SHUXIANG, ESTHER & FRIENDS
Yang Shuxiang, Violin et al
Esplanade Recital Studio
23 August 2014)
This review was published in The Straits Times on 25 August 2014 with the title "When locks fly and bow-hairs fray".
There exists a “golden generation” of young classical musicians in
Singapore born in the late 1980s and early 1990s. Violinists
feature prominently, and Yang Shuxiang, graduate from the Yong Siew Toh
Conservatory and now studying in Boston, is arguably the most flamboyant among
them. His imposing stature, matinee idol hair and passionate response to music
rather makes him stand out.
Musically he is equal to the best of them, and when these factors collude, sparks fly in concert as this outing soon proved. It however began sedately with the World Premiere of young Singaporean Phoon Yu’s Elegy for violin, piano and string quartet.
|In Phoon Yu's Elegy, the composer (seated left)|
also served as the pianist's page-turner.
The second-generation composer (son of the esteemed Phoon Yew Tien) proved to be a chip off the old block, with his highly coherent tonal work sustaining an air of sombre anguish through its 6 minutes. The plaint of the strings was contrasted with series of piano chords and the solo violin’s attempts to establish a melodic line, ending definitively with a strum on a piano bass string by the composer himself.
The atmosphere lightened with Brahms’s Violin Sonata No.2 in A major (Op.100), where Yang’s sumptuous and full-bodied tone soon took flight. The performance was distinguished with a fiery vehemence in the outer movements, contrasted with singingly lyrical asides through its course. The balance achieved with Hong Kong-born American pianist Esther Ning Yau, whose clarity of articulation and pedalling were exemplary, was also excellent.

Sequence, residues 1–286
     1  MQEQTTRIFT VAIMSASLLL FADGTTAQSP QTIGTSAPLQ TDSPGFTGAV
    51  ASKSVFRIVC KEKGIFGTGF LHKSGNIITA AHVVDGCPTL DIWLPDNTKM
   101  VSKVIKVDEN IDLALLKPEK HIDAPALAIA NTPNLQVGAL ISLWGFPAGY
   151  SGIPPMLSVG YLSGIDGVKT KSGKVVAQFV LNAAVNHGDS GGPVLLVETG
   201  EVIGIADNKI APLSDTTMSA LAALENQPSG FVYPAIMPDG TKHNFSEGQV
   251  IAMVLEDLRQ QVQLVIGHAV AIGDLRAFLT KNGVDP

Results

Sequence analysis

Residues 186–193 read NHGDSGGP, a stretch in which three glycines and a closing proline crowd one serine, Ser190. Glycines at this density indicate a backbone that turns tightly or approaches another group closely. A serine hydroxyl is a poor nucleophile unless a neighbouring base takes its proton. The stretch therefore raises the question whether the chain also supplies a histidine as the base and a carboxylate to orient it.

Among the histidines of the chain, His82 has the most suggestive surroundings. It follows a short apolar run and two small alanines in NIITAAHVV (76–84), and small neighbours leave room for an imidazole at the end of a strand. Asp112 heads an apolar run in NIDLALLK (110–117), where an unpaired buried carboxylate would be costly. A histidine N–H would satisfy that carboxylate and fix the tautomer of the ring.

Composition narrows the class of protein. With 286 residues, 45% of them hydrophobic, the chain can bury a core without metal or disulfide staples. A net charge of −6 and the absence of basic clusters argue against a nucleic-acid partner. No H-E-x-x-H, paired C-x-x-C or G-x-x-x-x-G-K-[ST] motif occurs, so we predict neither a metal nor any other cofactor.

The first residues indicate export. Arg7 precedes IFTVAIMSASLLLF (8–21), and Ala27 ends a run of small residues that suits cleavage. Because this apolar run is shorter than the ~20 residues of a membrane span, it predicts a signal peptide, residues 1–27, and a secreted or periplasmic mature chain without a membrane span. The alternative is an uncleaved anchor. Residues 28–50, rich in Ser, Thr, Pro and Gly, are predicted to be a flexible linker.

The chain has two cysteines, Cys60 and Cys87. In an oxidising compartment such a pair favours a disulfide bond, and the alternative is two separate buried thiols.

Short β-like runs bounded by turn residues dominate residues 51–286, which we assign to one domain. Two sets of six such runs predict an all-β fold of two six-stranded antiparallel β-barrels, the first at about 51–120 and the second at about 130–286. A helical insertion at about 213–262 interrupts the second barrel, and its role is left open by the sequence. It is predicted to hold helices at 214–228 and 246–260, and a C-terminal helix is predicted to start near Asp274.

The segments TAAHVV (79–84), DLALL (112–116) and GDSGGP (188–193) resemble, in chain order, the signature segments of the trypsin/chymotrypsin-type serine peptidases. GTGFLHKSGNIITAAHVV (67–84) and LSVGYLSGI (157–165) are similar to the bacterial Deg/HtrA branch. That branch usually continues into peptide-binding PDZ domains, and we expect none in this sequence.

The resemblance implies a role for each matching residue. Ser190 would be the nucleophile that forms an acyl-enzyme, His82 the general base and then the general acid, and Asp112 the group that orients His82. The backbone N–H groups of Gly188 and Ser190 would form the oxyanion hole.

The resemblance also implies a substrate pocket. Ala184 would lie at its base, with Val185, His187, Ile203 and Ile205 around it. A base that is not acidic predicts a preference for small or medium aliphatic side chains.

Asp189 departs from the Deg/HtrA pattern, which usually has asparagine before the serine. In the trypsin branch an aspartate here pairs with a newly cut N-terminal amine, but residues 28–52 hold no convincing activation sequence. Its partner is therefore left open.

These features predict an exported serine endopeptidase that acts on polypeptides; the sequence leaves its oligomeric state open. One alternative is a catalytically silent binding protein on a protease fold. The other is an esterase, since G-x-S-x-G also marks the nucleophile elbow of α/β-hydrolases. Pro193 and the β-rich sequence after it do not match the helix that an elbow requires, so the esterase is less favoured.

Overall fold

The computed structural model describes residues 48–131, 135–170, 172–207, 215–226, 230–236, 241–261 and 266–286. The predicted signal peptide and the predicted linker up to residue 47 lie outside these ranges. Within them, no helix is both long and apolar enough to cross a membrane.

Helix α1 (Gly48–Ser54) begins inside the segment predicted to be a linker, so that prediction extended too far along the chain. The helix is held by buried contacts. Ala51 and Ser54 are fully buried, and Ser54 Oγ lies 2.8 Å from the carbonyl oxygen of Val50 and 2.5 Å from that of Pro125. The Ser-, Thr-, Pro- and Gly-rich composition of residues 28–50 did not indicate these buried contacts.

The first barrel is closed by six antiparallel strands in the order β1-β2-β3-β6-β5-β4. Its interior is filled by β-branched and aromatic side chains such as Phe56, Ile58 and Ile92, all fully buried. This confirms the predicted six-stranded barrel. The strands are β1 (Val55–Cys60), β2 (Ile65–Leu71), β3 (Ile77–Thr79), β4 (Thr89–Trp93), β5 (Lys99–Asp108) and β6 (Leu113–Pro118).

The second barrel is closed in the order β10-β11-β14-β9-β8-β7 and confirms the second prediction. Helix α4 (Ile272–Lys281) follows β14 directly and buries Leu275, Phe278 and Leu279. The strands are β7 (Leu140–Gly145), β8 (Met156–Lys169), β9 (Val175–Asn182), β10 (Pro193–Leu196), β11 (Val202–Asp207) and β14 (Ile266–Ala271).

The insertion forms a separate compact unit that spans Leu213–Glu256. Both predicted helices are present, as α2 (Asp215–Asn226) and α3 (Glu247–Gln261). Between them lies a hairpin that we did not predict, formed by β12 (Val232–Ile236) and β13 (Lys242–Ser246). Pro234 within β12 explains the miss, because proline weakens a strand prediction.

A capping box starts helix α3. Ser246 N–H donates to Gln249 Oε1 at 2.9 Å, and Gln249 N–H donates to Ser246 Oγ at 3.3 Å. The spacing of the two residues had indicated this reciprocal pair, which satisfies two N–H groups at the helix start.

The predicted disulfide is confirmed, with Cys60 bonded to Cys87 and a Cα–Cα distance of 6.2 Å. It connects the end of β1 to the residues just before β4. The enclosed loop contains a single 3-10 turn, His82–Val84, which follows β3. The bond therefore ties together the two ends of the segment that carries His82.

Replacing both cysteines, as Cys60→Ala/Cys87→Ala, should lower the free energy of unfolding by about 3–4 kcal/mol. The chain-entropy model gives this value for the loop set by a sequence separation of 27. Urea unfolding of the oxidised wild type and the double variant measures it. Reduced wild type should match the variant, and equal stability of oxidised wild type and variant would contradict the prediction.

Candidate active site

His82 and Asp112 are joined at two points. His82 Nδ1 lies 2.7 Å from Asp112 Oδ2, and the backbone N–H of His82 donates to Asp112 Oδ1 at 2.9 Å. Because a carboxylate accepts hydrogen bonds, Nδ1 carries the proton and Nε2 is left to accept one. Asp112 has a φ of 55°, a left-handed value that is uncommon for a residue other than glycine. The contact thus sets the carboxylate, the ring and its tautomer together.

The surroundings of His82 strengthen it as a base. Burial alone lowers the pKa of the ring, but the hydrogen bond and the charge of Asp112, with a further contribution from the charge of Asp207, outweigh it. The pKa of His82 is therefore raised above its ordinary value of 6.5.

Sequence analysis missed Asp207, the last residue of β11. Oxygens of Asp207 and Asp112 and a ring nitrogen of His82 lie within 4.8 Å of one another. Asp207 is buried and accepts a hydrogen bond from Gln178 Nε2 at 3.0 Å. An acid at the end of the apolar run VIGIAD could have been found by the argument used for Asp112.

For film composer Franz Waxman’s Carmen Fantasy, which improves on the popular Sarasate warhorse, Yang took on a dramatic life and death stance from start to end. With locks flying and bow-hairs fraying, the level of intensity he achieved was frightening, and the frenzied ending saw him finishing a beat ahead of the piano.
The intermission was brief respite before the onslaught on the senses that was Ernest Chausson’s Concert for violin, piano and string quartet, the same forces that began the evening. Those who remember Yang’s impassioned take on the same composer’s Poeme at the President’s Young Performers Concert several years ago will take delight in tripling the dose of adrenaline here.
Cast symphonically in four movements and lasting almost three-quarters of an hour, Yang, Yau and the quartet formed by violinists Alan Choo and Gabriel Lee, violist Jeremy Chiew and cellist Cho Hang-Oh made every minute count. Interestingly, the arrangement of the musicians on stage made it appear that the work was scored for violinist and piano quintet.
The dominance of Yang as de facto leader was because he was the only player standing, thus becoming the focal point. His virtuosic flourishes and the floridly exuberant piano part were well supported by the quartet which traded every blow with equal trenchancy.
Seldom has the three note motif (D-A-E) of the bristling first movement been stated this emphatically, a portent of things to come. Even the laid-back rocking rhythm of the Sicilienne and dirge-like slow movement could not hold back the deluge of emotion that inundated the rapturous finale. This showing, greeted with a chorus of cheers, just about eclipses the memory of past performances. But that is the essence of live music making, the secret of which is to play and live for “now”.
All photos by the kind permission of Yang Shuxiang and Friends.
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